Epidermolysis Bullosa Oropharyngeal Severity (EBOS) score: a multicenter development and reliability assessment.
Department of Dermatology, Stanford University School of Medicine, Center for Clinical Sciences Research, Stanford, California 94305, USA. firstname.lastname@example.org
Epidermolysis bullosa (EB) is a genetic mucocutaneous disorder characterized by blister formation upon mild trauma. All 4 EB types may show oropharyngeal lesions involving either hard or soft tissues. Currently, there are very few data on EB scoring that include the oropharyngeal cavity.
We sought to develop an oropharyngeal severity score that was objective, valid, reliable, reproducible, easy to perform, and appropriate for all EB types.
In this study, oral medicine specialists developed a new score, the EB Oropharyngeal Severity (EBOS) score. This measured oropharyngeal disease activity (erythema, atrophy, blisters, erosion/ulceration) and structural damage (microstomia, ankyloglossia, scarring phenotype beyond microstomia and ankyloglossia, enamel hypoplasia). It was tested on 92 patients with different types/subtypes of EB, and interobserver and intraobserver reliability were assessed.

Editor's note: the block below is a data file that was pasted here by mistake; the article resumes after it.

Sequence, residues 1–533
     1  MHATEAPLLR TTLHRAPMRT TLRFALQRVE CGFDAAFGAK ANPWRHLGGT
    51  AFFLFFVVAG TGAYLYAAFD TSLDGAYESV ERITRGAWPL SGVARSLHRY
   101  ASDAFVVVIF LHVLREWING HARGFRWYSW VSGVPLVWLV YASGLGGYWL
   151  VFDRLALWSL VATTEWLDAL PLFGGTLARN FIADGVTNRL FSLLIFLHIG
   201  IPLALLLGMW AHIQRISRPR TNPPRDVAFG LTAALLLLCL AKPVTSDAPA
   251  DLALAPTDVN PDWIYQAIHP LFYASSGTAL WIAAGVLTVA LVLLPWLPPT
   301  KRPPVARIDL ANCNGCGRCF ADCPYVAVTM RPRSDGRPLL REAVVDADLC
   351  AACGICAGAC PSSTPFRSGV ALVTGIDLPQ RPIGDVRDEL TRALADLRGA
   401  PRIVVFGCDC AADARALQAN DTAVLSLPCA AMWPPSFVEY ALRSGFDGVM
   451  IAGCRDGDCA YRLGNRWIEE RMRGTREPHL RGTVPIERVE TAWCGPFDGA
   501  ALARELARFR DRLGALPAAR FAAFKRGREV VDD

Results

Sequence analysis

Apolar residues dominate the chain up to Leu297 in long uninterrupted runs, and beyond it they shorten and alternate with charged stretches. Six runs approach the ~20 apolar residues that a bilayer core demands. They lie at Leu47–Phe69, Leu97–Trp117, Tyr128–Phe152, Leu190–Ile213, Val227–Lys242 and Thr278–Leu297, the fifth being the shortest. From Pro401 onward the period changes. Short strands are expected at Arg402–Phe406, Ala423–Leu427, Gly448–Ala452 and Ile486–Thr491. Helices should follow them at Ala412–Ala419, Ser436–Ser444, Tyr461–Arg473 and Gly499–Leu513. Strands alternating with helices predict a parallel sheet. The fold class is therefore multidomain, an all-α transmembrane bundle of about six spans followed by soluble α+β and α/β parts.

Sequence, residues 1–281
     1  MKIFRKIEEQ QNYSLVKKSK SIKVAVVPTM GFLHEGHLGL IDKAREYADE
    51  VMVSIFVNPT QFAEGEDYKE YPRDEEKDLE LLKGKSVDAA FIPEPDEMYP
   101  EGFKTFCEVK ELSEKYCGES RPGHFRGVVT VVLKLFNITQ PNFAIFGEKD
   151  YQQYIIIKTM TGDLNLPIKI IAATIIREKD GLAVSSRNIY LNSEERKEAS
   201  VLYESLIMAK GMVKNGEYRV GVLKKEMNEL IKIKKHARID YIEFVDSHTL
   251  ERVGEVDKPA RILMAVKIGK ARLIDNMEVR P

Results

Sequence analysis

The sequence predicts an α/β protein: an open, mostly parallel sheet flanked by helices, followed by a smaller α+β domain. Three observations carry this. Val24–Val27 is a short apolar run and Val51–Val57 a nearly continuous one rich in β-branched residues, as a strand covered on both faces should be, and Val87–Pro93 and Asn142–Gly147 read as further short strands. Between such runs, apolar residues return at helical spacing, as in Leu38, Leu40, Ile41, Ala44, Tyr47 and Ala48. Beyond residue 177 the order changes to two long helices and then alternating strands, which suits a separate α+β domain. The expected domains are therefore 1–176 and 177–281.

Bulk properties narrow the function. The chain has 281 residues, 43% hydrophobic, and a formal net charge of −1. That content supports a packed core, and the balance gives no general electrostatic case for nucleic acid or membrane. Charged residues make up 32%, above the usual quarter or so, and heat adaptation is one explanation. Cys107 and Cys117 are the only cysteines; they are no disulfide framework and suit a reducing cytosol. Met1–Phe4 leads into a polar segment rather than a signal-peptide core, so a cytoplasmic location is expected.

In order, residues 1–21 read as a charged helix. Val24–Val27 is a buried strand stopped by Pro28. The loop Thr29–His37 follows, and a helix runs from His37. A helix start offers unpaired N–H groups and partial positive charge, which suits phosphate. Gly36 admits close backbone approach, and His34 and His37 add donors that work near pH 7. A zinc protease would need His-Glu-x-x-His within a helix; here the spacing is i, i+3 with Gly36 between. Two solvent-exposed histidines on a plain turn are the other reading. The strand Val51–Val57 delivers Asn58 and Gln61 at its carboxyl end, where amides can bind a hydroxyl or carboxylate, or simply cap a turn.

The EBOS mean total score was 12.9 ± 10.9 (range: 0-34). Both interobserver and intraobserver reliability for total score on all patients with EB were considered excellent (intraclass correlation coefficient 0.94; 95% confidence interval 0.90-0.96 and intraclass correlation coefficient 0.90; 95% confidence interval 0.84-0.94, respectively). Even analyzing each single parameter of the disease activity and structural damage, a substantial to excellent correlation was found in the interobserver (except for 4 sites) and intraobserver reliability. A significant correlation was found between EB types/subtypes and the EBOS median score (P < .001), but not between age and the EBOS mean total score in each group.
The sample size was small and the number of EB subtypes was limited.
The EBOS score seems to represent an instrument capable of truly quantifying the oropharyngeal severity in different types/subtypes of EB, demonstrating excellent interobserver and intraobserver reliability.
Copyright © 2012 American Academy of Dermatology, Inc. Published by Mosby, Inc. All rights reserved.
- [PubMed – indexed for MEDLINE]